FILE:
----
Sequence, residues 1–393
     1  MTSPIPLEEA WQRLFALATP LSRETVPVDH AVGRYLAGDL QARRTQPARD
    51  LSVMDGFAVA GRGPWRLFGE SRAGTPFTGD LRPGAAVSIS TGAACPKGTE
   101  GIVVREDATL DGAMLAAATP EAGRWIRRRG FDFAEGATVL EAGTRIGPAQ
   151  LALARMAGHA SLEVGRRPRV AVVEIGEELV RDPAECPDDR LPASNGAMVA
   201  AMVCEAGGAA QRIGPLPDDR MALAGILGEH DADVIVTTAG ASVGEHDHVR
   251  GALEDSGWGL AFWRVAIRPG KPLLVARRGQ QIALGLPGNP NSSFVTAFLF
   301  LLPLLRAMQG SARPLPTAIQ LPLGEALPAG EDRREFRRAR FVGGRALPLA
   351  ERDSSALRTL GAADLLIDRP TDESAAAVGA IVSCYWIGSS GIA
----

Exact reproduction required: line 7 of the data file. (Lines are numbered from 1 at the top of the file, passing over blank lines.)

   251  GALEDSGWGL AFWRVAIRPG KPLLVARRGQ QIALGLPGNP NSSFVTAFLF